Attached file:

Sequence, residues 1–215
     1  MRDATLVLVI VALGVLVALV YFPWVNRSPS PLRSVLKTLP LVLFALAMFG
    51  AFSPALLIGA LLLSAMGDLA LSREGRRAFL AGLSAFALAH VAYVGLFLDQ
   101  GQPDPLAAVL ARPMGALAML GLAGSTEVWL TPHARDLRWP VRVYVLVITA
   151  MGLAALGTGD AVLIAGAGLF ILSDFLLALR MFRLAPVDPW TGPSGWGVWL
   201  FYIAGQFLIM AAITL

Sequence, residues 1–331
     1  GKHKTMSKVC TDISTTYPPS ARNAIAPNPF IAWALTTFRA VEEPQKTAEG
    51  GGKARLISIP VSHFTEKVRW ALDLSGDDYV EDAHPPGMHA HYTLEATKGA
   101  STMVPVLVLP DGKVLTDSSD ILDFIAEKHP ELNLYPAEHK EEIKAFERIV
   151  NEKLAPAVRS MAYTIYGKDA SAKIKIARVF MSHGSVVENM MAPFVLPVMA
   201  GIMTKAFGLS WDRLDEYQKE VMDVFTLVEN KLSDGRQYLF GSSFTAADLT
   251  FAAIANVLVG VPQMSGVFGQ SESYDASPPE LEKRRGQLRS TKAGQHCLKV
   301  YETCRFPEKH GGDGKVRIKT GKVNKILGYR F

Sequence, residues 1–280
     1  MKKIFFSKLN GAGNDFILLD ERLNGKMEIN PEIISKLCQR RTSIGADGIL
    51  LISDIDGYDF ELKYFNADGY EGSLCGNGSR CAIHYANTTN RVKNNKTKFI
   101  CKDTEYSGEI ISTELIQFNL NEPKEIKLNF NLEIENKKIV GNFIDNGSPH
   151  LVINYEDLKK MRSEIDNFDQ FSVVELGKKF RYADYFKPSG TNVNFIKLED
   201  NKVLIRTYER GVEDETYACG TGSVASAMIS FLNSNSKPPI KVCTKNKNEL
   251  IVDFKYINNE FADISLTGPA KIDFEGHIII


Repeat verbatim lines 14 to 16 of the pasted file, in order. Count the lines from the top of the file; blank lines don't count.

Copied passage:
   301  YETCRFPEKH GGDGKVRIKT GKVNKILGYR F

Sequence, residues 1–280
     1  MKKIFFSKLN GAGNDFILLD ERLNGKMEIN PEIISKLCQR RTSIGADGIL